Nuke crisis panel to question hundreds of people


An independent panel investigating the causes of the nuclear crisis at the Fukushima No. 1 power plant plans to hear from several hundred people.

Panel head Yotaro Hatamura, who researches human error, said during the second gathering of panel members Friday that intensive investigations will be carried out until the next meeting, scheduled for Sept. 27.

He also said some hearings may be open to the public if the people involved agree, including public figures such as senior officials from the government and Tokyo Electric Power Co.

During Friday’s meeting, the panel decided to set up three teams to look at the crisis from different angles. They will analyze the situation before the crisis, the causes of the crisis, and steps taken after the crisis to prevent the damage from spreading.

The panel plans to compile a midterm report of its findings by the end of the year.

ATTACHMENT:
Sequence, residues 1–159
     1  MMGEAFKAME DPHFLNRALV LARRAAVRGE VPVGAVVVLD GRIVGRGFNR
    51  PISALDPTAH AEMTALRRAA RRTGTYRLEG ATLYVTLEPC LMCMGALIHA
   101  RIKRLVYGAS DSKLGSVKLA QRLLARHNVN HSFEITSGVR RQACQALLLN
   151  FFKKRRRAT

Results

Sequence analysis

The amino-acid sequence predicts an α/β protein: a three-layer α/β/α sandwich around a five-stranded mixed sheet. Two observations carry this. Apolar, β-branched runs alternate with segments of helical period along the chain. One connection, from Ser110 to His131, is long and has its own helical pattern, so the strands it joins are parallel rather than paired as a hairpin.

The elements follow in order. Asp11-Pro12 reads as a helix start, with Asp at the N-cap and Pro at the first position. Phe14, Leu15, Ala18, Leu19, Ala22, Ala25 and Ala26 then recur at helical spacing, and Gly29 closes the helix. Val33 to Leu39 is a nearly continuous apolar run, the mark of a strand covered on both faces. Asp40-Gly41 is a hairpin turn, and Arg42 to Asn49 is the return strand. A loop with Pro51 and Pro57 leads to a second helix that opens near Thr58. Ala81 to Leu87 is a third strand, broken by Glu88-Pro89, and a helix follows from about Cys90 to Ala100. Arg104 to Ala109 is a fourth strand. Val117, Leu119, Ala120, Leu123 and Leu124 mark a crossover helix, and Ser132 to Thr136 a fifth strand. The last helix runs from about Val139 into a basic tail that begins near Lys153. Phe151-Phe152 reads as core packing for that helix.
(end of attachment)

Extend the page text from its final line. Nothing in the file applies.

The six-reactor complex lost nearly all of its power sources when it was hit by the magnitude 9.0 quake and massive tsunami on March 11, knocking out the cooling functions of the reactors and spent nuclear fuel pools at units 1 through 4.

Goshi Hosono, the state minister in charge of handling the nuclear crisis, said the utility is likely to accomplish “step one” — stable cooling of the crippled reactors — by mid-July, as planned.

“Through the efforts of the workers there, the goal will be achieved,” Hosono said in an interview.

Tepco’s “road map” for bringing the crisis under control calls for stable cooling to be achieved by July 17. Hosono said the government and Tepco hope to announce an updated version of the road map on July 19.

Under the current plan, Tepco wants to achieve a cold shutdown of the reactors within three to six months after the first step is cleared.

Meanwhile, Tepco said the largest tsunami that hit the No. 1 plant is estimated to have been 13 meters high, measured at the plant’s tide station, and about 9 meters high at the Fukushima No. 2 plant, located about 10 km to the south. Earlier findings suggested the tsunami height was 14 to 15 meters above sea level at both plants.